“_He_ came to say farewell,” Daena announces, “but _I_ came to tell you to have a word with your grandfather. You and your wife both, in fact. Dissuade him from this nonsense. He won’t listen to me, nor Elaena, for all her tears, but he listens to you, cousin.” That Daena speaks so blatantly and openly of trying to change the king’s mind shows her recklessness, as there are those who overhear the talk and then whisper back and forth about it, wondering what could happen in the hours to come if Daeron says yes… or even he says no.
“Daena, some of your uncle’s own household are he—” Alyn starts to speak. Daena cuts him off.
“What of it?” she says, scanning the crowd, and noting the Selmy knight, a man of the king’s own household guard, as well as others. “King Viserys knows I think he has made a mistake.”
Josella is here with the party of the Dornish princess, and is dressed quite finely for the court to see, making use of indigo sandsilk and even some cloth-of-silver to pay homage to the homeland of her liege lady. She is wise enough to know that it is often a death trap to come between dragons, though, so gives a nod here and a hum there to show her agreement with the various parties. “I trust the king’s judgement,” she raises at one point. That is often the best way to please everyone… even if the supporters of Lord Velaryon and the king seem bent on disagreeing with that sentiment.
Balon feels eyes upon him and his own flick back to the party for the briefest of moments. Another long pull from the winecup as he shifts uncomfortably. “It is warm.” He answers to a question of his well being, a lie but one passive enough not to be discovered. “Nothing more.” The lie could have been seen through by sharper eyes for the young knight was dressed in lighter clothing of linen.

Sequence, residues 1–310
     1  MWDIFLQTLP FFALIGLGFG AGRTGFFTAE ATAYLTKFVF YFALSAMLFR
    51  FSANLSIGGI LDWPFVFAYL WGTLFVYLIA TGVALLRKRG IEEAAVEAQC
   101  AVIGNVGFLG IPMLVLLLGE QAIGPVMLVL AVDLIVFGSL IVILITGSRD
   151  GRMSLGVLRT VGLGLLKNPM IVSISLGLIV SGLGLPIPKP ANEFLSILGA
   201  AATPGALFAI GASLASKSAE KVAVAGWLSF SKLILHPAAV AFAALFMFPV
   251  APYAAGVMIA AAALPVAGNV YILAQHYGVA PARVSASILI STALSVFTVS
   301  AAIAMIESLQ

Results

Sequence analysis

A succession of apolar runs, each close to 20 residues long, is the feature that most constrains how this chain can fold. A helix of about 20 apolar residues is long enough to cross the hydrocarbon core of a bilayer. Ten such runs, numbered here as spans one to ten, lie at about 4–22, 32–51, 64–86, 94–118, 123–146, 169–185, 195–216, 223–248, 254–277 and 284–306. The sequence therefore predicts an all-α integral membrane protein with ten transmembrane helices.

Despite everything, Aisling (who does not have any embroidery at hand to keep herself occupied with) cannot help but to smile for a moment at Daena’s reckless proclamations. As the princess scans the crowd, the northern lady follows suit, curious to see what the reactions are.
“As do I,” Princess Mariah says, following Lady Josella’s statement. “Lady Josella is right. He has many cares, as any king ought to have, and cannot think solely for the good of this one or that one of his subjects, but of the whole.” She seems, on the whole, not especially friendly to Lord Alyn; and why not, given his breaking of Planky Town during King Daeron’s conquest of Dorne?
Her husband is more magnanimous, more well-disposed to the famed Oakenfist, but… “Princess,” he says to Daena, “while the king may occasionally hear me out, I do not think he’d think well of me if I spoke to him about this.” A pause, and then he adds, “I think our cousin is not best pleased to have his departure marred by anger and argument, as well. He came to say farewell, not to plead his case.”
Daena doesn’t care for that argument at all, and starts to speak, but Oakenfist beats her to it. “Quite right,” Lord Velaryon says, and moves to sit on the proferred seat. “Now, I’ll have a goblet of wine with you, coz, and then take my leave. Daena, join us—or not, if you must, but then best you try and bend Prince Aegon’s ear, or Aemon’s, or Naerys’s; I’ve already taken my leave of them, in any case.”
Daena, fierce and beautiful, glares. “Coward!” she says to him. “Does my sister mean so little, then? I should have known, you old goat.” She turns on her heels and stalks out, and in her wake tongues wag.
Josella takes a knife to an apricot tart set before her during the commotion, not looking up until the eldest of the king’s nieces is departed. “I do have pity for her grace,” she admits to a private group by the princess. “And yet, I can’t conceive of anything else that ought to be done. The king cannot force a marriage…” She looks away from the Oakenfist slightly. He is to be gone soon, but a man so renowned has his supporters, and it would not be politic to outwardly offend them.